Much of this is taken from my book, Adrift, pp. 113-117.

Phil Sanders
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John Waddey’s review of ADRIFT says it is “A BOOK YOU MUST READ”:
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”Much of what has been and is being said and written against the change movement afflicting our brotherhood deals with the visible symptoms of the problem. Bro. Phil Sanders, as a skilled physician, probes deeper and identifies the specific disease that has invaded the hearts and minds of many of our brethren. The disease is "Postmodernism" an affliction of the heart and mind affecting multitudes both in and out of the church.
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John Waddey
John Waddey

October 5th, 2003, 6:49 am #8

<font size=4> COMMUNITY CHURCHES AND CHURCHES OF CHRIST </font>

<font color=indigo size=3 face=times new roman>We all understand that God did not assign a specific name to his church. Rather, several different names are used to designate his people: church of God, church of the Lord, churches of Christ and the church. When there was but one body of people in the world that honored Christ as their founder, head and Lord there was no need for any further identification. We, however, live in a society were there are upwards of 1500 different kinds of churches. This situation creates a state of confusion as to which body of people one is referring to when he speaks of or asks about "the church." This situation necessitates that we have some way of identifying ourselves so we can communicate, find each other and point others to a body of brethren in a given place.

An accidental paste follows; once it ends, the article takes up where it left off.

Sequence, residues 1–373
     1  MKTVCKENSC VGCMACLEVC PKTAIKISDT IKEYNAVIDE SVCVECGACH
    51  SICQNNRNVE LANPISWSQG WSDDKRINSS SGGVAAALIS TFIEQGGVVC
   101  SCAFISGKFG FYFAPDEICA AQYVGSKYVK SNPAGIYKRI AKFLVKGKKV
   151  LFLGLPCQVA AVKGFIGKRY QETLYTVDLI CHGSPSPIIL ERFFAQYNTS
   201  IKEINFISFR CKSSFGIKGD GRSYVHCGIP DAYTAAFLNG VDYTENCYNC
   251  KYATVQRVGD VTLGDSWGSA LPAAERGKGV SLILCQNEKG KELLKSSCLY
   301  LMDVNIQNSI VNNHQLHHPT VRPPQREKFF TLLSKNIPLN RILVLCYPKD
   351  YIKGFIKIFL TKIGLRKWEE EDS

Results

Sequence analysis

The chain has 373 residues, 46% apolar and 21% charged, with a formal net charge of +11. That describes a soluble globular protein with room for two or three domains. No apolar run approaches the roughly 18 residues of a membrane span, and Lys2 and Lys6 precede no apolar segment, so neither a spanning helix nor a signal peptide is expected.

In the early days of the Restoration Movement three different streams of people came together to unite on the Bible and restore the faith and practice of the original church. Those led by Alexander Campbell most often referred to themselves as Disciples of Christ. Those led by Barton Stone most often used the name Church of Christ. Those coming from the James O'Kelly, Elias Smith and Abner Jones movement preferred the name Christian Church. There was not a strict adherence to any particular one of these names and all the brethren recognized each other as fellow-Christians serving God in one body. When schism occurred at the end of the 19th and the beginning of the 20th centuries, those preferring to have instrumental music, missionary societies, women in positions of church leadership, etc., generally identified themselves as Christian Churches/Disciples of Christ. Our brethren distinguished themselves by the biblical name Churches of Christ, found in Rom. 16:16. Over a period of 25 years this distinction of names became virtually complete. Our brethren continued to hold and use the name Churches of Christ, not because it was the exclusive Bible cognomen for the church but because it was biblical and was helpful in identifying our people, wherever they might be.